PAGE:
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Alien Life May Be Rare in Our Galaxy Today
New research adds uncertainty to the famous Drake equation, suggesting it's even less likely that humans will find intelligent extraterrestrial life than previously thought.
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The hunt for E.T. may have gotten more difficult. New research suggests that alien life may not be as widespread as we had hoped.

When it comes to hunting for alien civilizations, a key question is how plentiful intelligent extraterrestrials are in the universe — but the answer to that question depends on a lot of knowledge scientists don't have yet.

In 1960, Frank Drake, an astronomer and hunter of extraterrestrial intelligence, devised an equation to calculate the probability of hearing from an intelligent, communicating alien civilization. The Drake equation relies on the values of several constants to determine how widespread such civilizations might be, how likely they are to evolve and how likely they are to have broadcast when we were able to detect. While some of the numbers, such as how many stars have planets around them, are fairly well-known, others, such as the fraction of those worlds with life, remain uncertain. [The Father of SETI: Q&A with Astronomer Frank Drake]

Over the years, scientists have attempted to "solve" the Drake equation. But the uncertain quantities required estimation. Optimists tended to put in numbers that would reflect their thoughts — life on other planets is plentiful! Civilizations last for millions of years! Pessimists skew their results the other way, assuming life is rare and civilizations quickly burn out.

Searching for a more accurate answer to the question 'Are we alone?' the new study's researchers have included the uncertainties of the numbers — how confident scientists are in them. Rather than giving each component a hard-and-fast amount, they attempted to gauge the strength of the research into these questions.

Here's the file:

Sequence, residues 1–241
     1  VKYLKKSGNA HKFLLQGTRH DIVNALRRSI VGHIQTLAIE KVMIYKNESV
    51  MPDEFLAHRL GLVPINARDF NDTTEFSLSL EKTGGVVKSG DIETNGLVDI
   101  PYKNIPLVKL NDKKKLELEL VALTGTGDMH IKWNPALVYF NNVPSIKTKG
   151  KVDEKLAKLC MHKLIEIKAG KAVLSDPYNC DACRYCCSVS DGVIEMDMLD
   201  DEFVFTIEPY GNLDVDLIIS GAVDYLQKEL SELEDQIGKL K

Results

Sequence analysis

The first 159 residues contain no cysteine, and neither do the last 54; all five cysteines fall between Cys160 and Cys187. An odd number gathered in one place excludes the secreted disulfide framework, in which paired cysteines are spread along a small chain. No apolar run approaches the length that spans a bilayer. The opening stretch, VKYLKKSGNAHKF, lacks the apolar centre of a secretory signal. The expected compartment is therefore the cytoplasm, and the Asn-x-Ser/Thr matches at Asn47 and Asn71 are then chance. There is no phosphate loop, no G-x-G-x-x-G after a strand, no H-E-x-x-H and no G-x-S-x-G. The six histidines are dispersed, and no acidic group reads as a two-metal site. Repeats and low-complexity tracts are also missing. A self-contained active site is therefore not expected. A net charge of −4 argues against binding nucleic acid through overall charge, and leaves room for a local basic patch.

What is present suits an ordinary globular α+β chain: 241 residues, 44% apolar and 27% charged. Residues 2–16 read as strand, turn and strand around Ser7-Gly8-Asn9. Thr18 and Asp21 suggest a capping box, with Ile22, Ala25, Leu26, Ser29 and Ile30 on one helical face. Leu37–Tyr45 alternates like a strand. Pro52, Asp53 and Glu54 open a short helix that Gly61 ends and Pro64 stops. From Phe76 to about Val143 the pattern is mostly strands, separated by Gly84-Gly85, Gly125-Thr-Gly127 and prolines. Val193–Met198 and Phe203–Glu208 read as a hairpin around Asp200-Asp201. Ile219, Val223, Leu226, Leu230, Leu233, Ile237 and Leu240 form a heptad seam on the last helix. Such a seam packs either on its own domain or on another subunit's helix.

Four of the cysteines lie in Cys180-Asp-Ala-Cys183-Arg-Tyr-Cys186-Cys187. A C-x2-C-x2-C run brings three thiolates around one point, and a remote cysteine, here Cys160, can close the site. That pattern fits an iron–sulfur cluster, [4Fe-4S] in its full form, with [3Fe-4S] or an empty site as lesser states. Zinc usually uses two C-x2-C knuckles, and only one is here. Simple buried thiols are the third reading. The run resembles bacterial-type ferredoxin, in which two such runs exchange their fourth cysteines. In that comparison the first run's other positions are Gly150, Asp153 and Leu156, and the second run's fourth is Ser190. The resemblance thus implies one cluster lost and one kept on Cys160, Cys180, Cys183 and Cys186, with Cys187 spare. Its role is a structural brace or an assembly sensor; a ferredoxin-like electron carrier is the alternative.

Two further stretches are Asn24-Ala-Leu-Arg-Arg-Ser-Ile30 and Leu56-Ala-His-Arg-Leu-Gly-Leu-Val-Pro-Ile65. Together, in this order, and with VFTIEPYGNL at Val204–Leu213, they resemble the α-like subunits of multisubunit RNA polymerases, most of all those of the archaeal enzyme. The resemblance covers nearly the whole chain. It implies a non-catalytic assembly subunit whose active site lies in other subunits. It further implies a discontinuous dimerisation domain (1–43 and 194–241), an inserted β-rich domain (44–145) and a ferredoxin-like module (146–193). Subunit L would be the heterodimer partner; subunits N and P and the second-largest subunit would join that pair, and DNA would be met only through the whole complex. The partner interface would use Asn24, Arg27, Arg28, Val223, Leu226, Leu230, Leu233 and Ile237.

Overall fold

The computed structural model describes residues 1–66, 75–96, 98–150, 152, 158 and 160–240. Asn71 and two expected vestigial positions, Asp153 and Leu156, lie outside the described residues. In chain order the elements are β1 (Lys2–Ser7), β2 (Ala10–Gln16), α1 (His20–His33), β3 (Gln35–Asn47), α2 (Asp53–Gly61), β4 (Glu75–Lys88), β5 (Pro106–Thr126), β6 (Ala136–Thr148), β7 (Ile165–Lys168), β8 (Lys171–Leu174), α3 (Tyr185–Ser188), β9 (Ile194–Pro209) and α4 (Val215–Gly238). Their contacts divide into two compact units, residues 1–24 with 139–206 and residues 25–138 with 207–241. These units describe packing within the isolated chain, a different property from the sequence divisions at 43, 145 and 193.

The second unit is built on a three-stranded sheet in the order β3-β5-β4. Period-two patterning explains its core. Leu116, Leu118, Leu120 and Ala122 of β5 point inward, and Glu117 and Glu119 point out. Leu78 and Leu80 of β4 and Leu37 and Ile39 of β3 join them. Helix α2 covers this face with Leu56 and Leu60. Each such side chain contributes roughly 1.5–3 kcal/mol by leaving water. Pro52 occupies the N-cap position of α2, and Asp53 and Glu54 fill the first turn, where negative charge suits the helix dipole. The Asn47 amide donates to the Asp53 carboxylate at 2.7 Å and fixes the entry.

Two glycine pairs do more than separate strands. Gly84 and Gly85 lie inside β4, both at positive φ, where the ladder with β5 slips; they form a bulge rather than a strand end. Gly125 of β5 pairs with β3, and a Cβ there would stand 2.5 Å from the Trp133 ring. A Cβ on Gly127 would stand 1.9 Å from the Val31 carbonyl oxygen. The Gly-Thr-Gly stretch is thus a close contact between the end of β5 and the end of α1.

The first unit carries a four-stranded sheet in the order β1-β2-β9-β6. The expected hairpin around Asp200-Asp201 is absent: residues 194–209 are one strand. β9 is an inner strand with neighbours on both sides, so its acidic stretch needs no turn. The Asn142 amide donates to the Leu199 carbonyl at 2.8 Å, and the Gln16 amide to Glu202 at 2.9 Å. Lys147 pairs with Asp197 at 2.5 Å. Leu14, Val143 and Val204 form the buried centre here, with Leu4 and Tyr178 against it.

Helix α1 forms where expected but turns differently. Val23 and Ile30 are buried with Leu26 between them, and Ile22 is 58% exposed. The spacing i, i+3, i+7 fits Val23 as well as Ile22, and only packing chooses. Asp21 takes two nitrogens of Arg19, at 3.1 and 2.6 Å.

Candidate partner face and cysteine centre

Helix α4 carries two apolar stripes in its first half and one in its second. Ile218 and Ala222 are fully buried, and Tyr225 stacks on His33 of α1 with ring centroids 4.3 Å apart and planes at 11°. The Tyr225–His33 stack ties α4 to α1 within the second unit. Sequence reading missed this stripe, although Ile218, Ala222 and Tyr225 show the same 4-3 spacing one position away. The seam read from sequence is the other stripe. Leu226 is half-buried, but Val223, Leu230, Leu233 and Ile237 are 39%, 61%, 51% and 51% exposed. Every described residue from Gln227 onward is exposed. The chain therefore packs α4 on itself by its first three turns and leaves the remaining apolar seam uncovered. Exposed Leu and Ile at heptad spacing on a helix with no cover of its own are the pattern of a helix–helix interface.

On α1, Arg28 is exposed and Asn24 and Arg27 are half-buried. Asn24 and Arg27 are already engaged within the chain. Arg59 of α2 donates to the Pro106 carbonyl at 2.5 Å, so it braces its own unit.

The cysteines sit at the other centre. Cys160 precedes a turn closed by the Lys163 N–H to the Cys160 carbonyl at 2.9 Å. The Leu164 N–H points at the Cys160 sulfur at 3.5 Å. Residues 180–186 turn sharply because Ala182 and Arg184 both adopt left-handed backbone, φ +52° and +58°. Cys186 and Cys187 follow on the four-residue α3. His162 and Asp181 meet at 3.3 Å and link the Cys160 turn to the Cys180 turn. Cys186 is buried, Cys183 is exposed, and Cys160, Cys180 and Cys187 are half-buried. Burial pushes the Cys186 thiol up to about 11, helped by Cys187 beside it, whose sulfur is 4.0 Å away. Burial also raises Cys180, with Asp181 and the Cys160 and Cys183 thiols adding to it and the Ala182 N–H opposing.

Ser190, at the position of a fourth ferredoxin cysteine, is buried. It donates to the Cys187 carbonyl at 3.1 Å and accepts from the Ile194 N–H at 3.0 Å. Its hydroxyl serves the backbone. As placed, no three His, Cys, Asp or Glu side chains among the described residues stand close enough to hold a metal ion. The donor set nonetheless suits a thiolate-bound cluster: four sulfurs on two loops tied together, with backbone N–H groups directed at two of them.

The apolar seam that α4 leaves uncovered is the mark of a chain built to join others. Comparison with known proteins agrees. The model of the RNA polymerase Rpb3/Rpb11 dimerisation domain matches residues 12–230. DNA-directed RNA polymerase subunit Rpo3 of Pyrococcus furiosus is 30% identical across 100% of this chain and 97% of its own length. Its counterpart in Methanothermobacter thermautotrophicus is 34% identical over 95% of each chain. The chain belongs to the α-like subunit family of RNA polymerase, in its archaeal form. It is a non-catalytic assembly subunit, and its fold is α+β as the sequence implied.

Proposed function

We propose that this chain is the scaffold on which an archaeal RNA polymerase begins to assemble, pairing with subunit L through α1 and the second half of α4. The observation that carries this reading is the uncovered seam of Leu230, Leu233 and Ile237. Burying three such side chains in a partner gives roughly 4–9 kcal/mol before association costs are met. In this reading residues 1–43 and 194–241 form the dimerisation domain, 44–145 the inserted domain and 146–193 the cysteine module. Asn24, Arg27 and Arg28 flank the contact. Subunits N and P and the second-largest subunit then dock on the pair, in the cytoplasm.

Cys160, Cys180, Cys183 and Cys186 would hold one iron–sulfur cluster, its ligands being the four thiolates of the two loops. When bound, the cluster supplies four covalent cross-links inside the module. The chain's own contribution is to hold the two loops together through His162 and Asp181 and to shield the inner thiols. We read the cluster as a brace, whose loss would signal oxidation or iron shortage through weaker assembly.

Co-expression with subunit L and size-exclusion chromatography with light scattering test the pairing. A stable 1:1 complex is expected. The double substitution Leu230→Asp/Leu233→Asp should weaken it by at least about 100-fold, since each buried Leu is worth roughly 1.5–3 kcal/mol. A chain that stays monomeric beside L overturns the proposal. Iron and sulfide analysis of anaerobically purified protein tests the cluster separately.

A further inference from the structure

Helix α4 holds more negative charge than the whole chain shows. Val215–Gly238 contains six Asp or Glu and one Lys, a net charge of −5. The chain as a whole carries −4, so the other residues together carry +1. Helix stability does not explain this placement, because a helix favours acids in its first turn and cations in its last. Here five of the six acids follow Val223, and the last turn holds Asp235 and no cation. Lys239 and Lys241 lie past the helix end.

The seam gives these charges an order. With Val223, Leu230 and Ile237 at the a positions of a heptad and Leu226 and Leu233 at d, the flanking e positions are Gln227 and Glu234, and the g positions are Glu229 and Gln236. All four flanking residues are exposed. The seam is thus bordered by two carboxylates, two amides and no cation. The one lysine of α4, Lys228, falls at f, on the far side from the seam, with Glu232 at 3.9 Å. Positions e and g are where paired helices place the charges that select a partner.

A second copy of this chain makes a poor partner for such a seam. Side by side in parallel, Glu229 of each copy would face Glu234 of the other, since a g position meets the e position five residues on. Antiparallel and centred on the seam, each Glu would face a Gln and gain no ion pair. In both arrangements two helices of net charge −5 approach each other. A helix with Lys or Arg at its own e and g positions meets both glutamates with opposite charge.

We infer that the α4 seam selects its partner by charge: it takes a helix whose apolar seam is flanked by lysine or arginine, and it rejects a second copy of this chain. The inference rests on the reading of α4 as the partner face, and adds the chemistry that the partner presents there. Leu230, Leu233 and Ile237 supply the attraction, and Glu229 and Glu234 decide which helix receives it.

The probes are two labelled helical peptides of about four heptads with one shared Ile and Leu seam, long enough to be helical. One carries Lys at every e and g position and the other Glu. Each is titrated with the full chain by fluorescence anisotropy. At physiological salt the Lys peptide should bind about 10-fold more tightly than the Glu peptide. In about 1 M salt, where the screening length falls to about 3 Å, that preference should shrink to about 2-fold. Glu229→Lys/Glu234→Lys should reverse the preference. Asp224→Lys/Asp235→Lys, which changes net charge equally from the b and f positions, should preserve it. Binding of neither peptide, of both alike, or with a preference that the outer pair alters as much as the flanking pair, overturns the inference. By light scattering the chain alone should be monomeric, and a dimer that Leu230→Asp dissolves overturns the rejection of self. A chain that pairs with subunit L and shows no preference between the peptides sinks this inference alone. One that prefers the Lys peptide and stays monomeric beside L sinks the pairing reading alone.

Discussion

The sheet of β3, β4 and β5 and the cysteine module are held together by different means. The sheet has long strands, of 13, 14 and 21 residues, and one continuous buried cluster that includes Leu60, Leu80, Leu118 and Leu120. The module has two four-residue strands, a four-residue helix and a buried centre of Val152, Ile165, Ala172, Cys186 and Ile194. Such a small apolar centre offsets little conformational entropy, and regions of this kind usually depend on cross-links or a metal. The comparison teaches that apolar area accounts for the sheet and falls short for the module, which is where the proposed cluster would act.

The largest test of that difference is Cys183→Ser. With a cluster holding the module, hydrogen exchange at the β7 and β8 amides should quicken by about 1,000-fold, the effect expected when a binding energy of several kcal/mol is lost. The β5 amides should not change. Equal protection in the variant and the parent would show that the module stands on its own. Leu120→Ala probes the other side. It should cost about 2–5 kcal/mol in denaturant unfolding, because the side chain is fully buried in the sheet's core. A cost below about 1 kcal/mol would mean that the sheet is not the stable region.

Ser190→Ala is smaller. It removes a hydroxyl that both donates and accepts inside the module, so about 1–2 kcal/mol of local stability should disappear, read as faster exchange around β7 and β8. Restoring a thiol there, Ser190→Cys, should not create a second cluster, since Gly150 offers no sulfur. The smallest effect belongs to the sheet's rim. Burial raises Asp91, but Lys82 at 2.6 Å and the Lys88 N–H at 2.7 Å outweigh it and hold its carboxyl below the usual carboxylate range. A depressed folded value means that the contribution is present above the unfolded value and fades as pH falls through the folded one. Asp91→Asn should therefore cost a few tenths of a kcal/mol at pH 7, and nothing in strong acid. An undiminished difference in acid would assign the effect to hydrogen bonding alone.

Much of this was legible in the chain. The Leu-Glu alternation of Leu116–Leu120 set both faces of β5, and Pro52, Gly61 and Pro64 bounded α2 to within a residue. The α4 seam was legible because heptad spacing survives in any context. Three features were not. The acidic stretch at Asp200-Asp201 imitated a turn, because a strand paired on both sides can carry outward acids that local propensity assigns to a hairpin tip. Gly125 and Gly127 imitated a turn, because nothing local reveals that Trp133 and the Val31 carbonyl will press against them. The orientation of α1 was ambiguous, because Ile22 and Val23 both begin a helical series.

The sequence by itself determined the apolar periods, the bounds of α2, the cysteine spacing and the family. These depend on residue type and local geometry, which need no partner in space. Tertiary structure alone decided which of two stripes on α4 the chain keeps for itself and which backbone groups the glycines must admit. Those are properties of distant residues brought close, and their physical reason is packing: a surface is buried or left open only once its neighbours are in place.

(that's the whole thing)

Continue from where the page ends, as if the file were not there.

"We can show that, given current scientific uncertainty, we get a distribution that could make both the optimists and pessimists happy at the same time: a fair chance of several alien civilizations, but also a fair chance of no aliens within the visible universe," Anders Sandberg told by email. Sandberg, a philosopher at the University of Oxford, is the lead author on the new research.

"The uncertain sky should not be surprising given our level of uncertainty," Sandberg said. The study, which is available on the preprint site Arxiv, has been submitted to the journal Royal Society of London A.

In 1950, Italian-American physicist Enrico Fermi looked to the skies and asked, "Where are they?" If the universe is filled with alien civilizations, why have none of them contacted Earth? The question, referred to as the Fermi paradox, provided the fuel for the Drake equation.

The Drake equation has never sought a definite number. Instead, it has been used to make a rough estimate of the number of detectable civilizations in the Milky Way (N). According to the equation,

N = RfpncflfifcL

That number is based on the rate of star formation per year (R), the fraction of stars with planets (fp), the number of habitable planets per system of planets (nc), the fraction of those planets with life (fl), the fraction of life that is intelligent (fi), the fraction of intelligent civilizations that are detectable (fc), and the average lifetime of such civilizations in years (L).